Takeda Pharmaceutical's United Kingdom subsidiary has begun working with C4X Discovery to improve its lead discovery and hit identification. The agreement is centered on C4XD's 3D drug technology, a nuclear magnetic resonance (NMR)-based method of viewing the structure of a molecule.
C4XD claims to have developed a workflow that improves on alternative NMR analysis tools while freeing researchers from a reliance on protein structure data and computer simulations. The C4XD workflow is underpinned by its data analysis system, which turns NMR readouts into 3D structures complete with details on bond geometries and how long the molecule exists in a particular conformation. Takeda thinks the technology can help with its pipeline projects.
"We … are excited about the potential of this collaboration. C4XD has a highly innovative platform technology which complements our strong research base," Dr. Andy Ayscough, senior director of chemistry at Takeda's Cambridge, U.K.-based subsidiary, said in a statement. The deal covers the use of the technology on multiple therapeutic projects, potentially giving C4XD a platform from which it can showcase its capabilities.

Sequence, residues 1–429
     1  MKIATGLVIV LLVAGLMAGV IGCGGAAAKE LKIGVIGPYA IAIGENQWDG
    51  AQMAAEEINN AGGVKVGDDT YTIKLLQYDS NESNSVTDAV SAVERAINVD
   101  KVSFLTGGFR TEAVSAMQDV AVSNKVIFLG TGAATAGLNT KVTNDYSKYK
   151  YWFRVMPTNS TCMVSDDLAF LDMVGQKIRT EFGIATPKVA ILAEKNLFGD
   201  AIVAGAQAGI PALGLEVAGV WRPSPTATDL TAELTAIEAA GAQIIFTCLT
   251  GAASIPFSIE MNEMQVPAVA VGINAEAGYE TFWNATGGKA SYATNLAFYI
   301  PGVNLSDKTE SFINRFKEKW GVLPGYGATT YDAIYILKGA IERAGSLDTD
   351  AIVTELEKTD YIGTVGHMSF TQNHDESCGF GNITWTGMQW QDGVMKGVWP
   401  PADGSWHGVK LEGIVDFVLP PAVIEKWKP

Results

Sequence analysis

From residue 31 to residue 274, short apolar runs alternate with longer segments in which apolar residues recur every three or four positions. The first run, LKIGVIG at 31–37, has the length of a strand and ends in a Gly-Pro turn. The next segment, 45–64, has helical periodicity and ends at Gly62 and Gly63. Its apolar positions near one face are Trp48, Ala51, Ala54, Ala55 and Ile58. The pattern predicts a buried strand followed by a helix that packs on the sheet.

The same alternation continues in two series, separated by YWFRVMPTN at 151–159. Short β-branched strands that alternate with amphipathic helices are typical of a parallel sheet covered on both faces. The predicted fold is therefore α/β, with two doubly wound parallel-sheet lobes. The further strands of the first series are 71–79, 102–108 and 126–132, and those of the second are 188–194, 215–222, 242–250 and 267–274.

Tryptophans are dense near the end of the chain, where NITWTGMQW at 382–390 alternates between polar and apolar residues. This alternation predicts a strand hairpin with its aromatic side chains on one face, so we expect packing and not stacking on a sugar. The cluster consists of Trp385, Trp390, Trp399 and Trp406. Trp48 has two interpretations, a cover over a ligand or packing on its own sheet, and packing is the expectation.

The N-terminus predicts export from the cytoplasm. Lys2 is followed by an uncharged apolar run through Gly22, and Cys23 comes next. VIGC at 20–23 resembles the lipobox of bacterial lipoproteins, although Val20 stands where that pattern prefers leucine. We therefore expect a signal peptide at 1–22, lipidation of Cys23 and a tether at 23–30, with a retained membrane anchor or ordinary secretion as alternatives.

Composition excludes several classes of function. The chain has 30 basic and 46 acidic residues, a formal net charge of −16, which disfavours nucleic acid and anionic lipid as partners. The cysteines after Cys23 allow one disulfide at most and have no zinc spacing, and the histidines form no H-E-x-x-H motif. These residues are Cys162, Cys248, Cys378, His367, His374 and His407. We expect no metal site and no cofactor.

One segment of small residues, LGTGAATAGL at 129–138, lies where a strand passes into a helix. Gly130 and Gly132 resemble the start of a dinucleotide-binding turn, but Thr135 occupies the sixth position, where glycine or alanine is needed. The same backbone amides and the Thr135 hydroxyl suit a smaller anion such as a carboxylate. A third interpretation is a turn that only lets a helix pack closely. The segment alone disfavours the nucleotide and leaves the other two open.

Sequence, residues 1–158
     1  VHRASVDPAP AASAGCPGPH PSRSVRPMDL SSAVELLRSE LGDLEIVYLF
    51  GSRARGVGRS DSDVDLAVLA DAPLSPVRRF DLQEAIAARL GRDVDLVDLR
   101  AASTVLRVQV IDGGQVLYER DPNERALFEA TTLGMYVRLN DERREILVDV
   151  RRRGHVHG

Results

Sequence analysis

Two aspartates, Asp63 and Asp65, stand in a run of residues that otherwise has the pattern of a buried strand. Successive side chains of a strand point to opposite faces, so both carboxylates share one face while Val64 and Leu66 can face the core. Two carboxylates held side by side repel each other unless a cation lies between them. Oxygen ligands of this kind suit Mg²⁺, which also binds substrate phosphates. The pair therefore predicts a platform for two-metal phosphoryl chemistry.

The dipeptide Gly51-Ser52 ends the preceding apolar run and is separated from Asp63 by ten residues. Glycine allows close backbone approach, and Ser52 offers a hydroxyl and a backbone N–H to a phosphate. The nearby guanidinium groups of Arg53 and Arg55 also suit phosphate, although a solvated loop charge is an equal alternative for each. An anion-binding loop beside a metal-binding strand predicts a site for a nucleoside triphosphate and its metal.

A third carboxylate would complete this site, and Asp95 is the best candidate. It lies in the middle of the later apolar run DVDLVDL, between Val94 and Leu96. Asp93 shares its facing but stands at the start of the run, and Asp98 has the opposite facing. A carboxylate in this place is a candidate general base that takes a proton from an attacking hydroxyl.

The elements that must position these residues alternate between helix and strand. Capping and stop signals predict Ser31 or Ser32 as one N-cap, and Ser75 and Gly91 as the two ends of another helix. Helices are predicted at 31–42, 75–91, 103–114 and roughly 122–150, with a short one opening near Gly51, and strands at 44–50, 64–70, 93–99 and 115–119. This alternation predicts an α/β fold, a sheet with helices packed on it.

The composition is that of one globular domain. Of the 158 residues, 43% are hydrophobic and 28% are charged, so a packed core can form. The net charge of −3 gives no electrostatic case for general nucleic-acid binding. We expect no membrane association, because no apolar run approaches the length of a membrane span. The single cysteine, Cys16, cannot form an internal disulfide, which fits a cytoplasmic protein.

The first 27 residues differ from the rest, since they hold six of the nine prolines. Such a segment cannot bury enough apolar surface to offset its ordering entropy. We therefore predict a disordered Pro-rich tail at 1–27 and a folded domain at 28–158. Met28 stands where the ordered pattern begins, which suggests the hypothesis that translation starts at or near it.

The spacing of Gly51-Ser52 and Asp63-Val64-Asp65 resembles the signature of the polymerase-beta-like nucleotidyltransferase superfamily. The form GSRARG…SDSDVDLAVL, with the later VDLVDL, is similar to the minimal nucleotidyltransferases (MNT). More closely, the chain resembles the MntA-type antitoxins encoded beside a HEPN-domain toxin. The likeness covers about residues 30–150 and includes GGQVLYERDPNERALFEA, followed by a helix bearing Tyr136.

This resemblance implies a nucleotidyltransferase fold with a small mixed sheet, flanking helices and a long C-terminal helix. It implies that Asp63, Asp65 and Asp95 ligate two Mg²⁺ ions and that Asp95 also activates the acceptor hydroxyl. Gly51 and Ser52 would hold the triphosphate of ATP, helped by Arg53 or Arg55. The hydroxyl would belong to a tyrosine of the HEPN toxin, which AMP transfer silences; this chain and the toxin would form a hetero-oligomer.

Manchester, England-based C4XD began life in 2008 as a university spinout with funding from Aquarius Equity Partners, a fund that has continued to back the company as it has begun to apply its 3D structure technology to in-house research. For its research program C4XD is mining its database of 3D structures to find small-molecule drug candidates, a process that led to it selecting the orexin-1 receptor as the target of its lead project.
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